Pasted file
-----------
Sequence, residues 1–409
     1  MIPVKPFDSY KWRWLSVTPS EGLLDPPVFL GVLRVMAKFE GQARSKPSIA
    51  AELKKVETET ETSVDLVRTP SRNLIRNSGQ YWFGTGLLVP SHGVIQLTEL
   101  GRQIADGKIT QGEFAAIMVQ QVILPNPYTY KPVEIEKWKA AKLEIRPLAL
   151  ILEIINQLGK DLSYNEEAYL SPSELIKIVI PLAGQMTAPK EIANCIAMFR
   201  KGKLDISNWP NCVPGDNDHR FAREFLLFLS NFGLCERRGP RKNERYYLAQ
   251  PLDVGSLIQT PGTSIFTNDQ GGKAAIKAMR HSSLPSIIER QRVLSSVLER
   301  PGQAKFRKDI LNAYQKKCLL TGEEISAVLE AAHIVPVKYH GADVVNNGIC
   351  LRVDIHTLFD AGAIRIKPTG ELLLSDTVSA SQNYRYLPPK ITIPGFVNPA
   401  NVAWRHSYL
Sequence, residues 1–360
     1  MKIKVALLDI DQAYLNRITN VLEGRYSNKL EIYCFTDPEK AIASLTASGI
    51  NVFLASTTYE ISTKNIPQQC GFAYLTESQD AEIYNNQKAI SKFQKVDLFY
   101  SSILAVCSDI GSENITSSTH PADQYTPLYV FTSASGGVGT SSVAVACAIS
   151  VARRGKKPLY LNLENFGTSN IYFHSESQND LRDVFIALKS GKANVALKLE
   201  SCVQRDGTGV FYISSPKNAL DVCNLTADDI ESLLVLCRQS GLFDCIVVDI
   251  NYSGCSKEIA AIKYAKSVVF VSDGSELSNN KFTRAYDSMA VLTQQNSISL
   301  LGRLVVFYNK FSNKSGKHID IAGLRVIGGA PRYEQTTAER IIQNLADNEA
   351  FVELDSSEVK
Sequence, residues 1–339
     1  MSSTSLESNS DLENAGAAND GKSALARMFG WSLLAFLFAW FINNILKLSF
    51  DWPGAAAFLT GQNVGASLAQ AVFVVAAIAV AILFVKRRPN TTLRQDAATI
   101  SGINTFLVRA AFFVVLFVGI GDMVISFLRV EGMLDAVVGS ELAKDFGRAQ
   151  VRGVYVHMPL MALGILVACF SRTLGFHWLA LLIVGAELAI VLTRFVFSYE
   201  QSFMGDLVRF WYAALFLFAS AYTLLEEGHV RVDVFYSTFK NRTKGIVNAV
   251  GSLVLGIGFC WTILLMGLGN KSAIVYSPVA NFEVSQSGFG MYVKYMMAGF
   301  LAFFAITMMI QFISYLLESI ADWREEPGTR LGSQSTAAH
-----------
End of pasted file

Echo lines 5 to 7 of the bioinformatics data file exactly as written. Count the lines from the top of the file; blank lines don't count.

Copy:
   151  ILEIINQLGK DLSYNEEAYL SPSELIKIVI PLAGQMTAPK EIANCIAMFR
   201  KGKLDISNWP NCVPGDNDHR FAREFLLFLS NFGLCERRGP RKNERYYLAQ
   251  PLDVGSLIQT PGTSIFTNDQ GGKAAIKAMR HSSLPSIIER QRVLSSVLER